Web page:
Because that change matters for much more than just our internal landscape.
The change from Jesus as potential to Jesus as reality impacts our entire community.
Whether Jesus is only an idea with us, not born yet because we’re afraid to let it happen, or whether we accept the pain and challenge of truly letting Christ be born in us, is the difference between this church being a community that truly shines forth the gospel, or just another church that enjoys chatting over coffee hour.
That’s a pretty heavy responsibility, isn’t it?
I don’t know about you, but I’m not sure I have what it takes for that.
Well, there is more good news on this blessed and holy night.
Consider Jesus on the night of his birth.
What skills did he have at that moment?
What power did he have at that moment?
What was he able to do to save or heal humanity?
Baby Jesus was completely and utterly dependent on Mary and Joseph for all his needs.
He couldn’t heal anyone, he couldn’t save anyone, he couldn’t teach anyone.
And yet he was the Messiah.
It didn’t take thirty years for him to become the Messiah.
He didn’t become the Messiah on his thirtieth birthday when he left the carpentry shop and entered his ministry.
He was the Messiah from the moment he took his first breath, God come to save the world. What mattered was who he was, not what he did.
Or rather, who he was made possible what he did.
And the same is true for us. Right now, as you sit in this pew, you are helping fulfill the kingdom of God.
Right now, as mixed-up and unequipped as you may feel to change the world, God cherishes you for who you are.
You matter, and you are important, and there are great things in your future, just like Baby Jesus on this night.
At the moment of his birth, Jesus had no miracles or healings or sermons to his credit.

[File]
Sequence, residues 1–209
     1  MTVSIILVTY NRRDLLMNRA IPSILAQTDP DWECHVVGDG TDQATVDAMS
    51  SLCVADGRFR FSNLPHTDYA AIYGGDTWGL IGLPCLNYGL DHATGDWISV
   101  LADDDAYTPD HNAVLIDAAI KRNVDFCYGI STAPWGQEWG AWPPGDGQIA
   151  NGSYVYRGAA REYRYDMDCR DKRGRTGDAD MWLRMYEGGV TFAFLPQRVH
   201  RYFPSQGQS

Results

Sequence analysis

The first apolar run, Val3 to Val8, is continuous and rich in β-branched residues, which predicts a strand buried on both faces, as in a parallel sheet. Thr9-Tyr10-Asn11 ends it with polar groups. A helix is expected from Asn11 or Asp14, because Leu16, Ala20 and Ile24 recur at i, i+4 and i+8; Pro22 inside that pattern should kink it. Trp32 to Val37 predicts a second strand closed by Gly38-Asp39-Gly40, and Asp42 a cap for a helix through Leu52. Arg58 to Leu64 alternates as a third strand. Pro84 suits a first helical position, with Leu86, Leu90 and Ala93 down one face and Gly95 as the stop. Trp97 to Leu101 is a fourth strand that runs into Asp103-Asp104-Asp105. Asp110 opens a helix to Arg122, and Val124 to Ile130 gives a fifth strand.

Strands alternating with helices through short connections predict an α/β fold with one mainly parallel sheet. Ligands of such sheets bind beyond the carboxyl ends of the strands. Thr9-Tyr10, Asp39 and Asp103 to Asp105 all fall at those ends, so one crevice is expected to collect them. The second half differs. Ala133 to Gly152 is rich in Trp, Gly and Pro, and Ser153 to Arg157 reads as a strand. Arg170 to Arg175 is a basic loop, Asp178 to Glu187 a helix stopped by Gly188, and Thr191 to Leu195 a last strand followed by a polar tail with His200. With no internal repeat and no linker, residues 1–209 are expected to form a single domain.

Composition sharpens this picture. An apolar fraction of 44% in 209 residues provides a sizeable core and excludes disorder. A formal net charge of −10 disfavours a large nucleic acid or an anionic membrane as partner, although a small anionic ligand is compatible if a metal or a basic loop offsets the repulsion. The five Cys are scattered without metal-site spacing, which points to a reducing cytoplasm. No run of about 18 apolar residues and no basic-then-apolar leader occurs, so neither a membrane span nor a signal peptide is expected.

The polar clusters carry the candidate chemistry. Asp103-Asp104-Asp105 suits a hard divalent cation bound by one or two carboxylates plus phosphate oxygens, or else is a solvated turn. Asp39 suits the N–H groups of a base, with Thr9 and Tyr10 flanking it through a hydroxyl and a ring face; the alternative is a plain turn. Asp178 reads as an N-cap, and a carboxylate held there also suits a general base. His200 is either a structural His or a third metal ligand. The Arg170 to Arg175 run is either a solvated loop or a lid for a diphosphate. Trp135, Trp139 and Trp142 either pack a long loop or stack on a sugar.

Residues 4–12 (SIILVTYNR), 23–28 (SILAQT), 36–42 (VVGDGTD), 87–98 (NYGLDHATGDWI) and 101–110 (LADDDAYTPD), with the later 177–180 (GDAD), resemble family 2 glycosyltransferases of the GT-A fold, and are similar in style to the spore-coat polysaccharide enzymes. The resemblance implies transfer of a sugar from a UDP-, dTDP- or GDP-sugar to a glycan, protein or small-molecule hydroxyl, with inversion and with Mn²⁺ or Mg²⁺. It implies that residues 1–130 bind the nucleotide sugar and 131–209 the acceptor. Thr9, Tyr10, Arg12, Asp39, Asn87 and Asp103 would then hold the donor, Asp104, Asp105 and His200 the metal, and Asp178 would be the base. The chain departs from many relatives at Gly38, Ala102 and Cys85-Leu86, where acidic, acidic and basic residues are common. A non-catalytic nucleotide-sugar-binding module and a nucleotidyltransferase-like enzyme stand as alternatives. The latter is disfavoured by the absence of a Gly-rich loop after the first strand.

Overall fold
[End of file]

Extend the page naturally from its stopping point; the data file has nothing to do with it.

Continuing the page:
He couldn’t do anything to help anyone. He didn’t even understand that he would help people.
He didn’t even know who he was.
And yet even in that moment, he was the Messiah.
And the same is true for you.
You are exactly who God wants you to be, and at the same time you are full of untapped potential.
There are great things that are going to happen, things that will change the world for the better, that you are going to be a part of.
Rest in the knowledge that it is who you are that God loves, and it is who you are that God looks forward to helping change and grow.
Who you are is what will make possible what you will do to help build God’s kingdom in this place.
But it all comes down to one moment and one decision.
Are you ready to make the commitment to move from Christmas Eve to Christmas Day?
Are you ready to move from Jesus being just an idea, just a possibility within you, to Jesus being real in you, being alive in you, being newly born in you?
When you make that choice, when the dawn of Christmas Day breaks over the horizon and ends the hard work and pain of Christmas Eve, then you too will hear the angels rejoicing just as they did at that moment 2,000 years ago. “Glory to God in the highest, and peace on Earth, good will toward all people.”